The former board of now defunct Heritage Bank Limited have described as “a grave injustice” the Bank of Ghana’s (BoG) decision to revoke the bank’s licence after alleging that its main shareholder was ‘not fit and proper’ to own a bank.
In a press statement responding to the central bank’s allegations following the revocation of the licence on January 4, the former board said BoG’s action was not well grounded and now “a terrible precedent” that “does not bode well for the future.”
The board was chaired by Prof. Kwesi Botchwey, an economist and former Finance Minister.
“Heritage Bank was, by the Bank of Ghana’s own admission a solvent bank. It NEVER received liquidity support from the Bank of Ghana. Its corporate governance record had never been impugned by the Bank of Ghana,” the statement said and wondered why the central bank would gloss over these to close the bank down on grounds of suspicion.
On January 4, the Governor of BoG, Dr Ernest Addison, said the central bank had found, among other things that Heritage Bank’s “capital appears to have come from sources which are suspicious.
“In the application for a banking licence, each shareholder of Heritage needed to demonstrate their “ability to subscribe to the shares” of the bank. The Bank of Ghana is not satisfied that the original sources of the bank’s capital are acceptable, in terms of section 9 (d) of the Banks and SDI Act, 2016 (Act 930) and section 1 of the Anti-Money Laundering Act of 2008 (Act 749) which requires acceptable capital to be obtained from lawful and transparent sources,” the governor said.
He listed other alleged offences that included aspects of a criminal prosecution in the high court involving the state and Heritage Bank’s main shareholder, Mr Seidu Agongo.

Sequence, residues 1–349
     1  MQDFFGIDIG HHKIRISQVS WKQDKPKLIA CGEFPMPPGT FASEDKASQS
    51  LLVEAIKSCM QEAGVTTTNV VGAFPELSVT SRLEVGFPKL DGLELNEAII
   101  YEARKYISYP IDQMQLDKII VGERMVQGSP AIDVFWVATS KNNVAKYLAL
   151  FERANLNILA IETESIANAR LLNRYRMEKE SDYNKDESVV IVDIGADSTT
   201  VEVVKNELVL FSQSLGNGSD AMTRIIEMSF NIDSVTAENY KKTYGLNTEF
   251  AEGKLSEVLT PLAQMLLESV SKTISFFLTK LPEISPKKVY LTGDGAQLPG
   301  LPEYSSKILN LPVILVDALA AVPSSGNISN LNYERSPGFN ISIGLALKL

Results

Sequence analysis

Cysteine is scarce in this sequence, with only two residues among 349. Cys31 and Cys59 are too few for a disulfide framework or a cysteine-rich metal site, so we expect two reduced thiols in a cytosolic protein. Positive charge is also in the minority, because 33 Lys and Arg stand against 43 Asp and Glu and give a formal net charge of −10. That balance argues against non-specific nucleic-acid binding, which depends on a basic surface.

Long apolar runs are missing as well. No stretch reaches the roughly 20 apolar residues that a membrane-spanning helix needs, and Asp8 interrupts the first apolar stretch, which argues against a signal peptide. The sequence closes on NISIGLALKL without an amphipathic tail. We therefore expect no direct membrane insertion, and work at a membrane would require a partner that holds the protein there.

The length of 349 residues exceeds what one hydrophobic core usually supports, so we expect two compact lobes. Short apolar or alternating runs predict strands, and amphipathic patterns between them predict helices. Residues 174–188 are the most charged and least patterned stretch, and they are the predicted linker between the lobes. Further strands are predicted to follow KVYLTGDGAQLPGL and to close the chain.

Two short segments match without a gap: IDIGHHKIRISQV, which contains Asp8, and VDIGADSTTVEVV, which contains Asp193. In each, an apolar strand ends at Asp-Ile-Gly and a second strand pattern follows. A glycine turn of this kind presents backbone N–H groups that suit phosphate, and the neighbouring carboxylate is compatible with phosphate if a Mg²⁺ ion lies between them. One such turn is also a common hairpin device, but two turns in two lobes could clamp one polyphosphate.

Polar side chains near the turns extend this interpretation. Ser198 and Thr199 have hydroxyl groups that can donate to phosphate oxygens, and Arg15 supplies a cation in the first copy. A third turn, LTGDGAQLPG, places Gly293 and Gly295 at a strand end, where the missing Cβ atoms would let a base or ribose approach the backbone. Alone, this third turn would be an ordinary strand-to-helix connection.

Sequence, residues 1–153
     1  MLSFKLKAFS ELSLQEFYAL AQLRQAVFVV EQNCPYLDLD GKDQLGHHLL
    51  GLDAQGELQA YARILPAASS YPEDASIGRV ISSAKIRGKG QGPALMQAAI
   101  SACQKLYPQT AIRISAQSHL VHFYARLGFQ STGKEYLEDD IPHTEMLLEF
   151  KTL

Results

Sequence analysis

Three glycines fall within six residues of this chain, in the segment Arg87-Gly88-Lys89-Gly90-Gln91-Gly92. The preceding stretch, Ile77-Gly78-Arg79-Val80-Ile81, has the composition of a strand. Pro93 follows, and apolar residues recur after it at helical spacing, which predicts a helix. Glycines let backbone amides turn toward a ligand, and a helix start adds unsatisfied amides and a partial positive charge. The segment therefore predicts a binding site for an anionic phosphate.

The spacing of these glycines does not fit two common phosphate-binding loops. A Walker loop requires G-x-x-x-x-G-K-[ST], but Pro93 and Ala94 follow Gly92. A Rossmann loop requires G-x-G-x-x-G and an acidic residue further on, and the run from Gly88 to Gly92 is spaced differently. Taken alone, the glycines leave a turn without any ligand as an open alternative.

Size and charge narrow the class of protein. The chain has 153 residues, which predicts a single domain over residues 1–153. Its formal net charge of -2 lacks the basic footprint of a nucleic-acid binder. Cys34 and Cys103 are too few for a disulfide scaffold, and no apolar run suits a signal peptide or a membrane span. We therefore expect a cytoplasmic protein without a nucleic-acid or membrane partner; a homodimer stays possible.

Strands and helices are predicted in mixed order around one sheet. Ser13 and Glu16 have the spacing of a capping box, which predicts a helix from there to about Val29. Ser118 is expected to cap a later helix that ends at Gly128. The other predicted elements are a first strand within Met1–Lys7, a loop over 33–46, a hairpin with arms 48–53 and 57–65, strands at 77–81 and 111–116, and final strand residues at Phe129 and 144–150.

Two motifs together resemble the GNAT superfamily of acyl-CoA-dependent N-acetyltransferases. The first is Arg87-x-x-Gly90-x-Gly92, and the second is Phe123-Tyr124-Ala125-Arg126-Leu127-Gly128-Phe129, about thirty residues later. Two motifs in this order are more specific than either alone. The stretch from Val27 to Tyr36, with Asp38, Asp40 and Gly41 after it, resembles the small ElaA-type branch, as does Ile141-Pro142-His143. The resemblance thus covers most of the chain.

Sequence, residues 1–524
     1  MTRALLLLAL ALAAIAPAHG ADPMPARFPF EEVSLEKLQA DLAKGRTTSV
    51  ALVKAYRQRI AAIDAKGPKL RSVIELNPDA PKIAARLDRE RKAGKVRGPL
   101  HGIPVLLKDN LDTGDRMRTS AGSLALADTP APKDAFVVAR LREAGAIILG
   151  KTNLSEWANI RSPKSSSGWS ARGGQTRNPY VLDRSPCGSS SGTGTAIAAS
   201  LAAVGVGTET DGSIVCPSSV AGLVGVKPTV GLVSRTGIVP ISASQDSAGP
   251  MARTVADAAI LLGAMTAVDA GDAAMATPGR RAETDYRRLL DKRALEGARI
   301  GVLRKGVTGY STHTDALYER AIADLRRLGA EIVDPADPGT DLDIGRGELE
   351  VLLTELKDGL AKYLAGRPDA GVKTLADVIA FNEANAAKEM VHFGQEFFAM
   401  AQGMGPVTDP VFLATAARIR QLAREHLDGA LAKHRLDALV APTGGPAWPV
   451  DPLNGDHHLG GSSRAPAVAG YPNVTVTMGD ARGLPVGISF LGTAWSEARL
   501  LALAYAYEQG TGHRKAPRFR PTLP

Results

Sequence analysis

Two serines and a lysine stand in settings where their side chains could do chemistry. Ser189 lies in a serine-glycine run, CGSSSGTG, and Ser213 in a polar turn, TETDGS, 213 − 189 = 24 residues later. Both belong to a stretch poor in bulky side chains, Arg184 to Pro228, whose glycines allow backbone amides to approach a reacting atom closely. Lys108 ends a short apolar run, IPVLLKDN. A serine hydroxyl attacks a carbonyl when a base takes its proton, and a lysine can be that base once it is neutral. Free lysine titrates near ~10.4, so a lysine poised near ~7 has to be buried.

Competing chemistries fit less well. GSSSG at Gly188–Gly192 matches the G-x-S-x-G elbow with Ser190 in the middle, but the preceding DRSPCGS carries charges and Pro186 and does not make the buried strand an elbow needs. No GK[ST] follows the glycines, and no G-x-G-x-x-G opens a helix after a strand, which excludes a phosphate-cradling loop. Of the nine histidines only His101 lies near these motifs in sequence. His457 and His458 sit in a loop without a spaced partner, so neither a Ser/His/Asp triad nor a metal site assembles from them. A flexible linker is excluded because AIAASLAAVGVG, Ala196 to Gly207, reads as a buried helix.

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In the press statement, the board said: “We find it puzzling that the Bank of Ghana should now be disputing the existence of a contract between Heritage Bank’s main shareholder and COCOBOD, when the Bank, as part of its due diligence ahead of the granting of HBL’s provisional banking licence had requested and received confirmation from COCOBOD of the existence of the contractual arrangements between the COCOBOD and the said shareholder.
“Furthermore, it is even more puzzling that the Bank of Ghana would claim it has no knowledge of Mr Seidu Agongo being a shareholder of Sarago Limited. The shareholding structure of Sarago Limited is a matter of public record since it is a registered company at the Registrar-General’s Department.
“More importantly, the Bank of Ghana in its own provisional licence to Heritage Bank stated as a condition that the concentration of HBL’s shareholding in Mr Seidu Agongo and Sarago Limited be diluted within three years of the commencement of operations.
“Mr Agongo’s association with Sarago Limited was thus known to Bank of Ghana at the time of the licensing,” the statement said.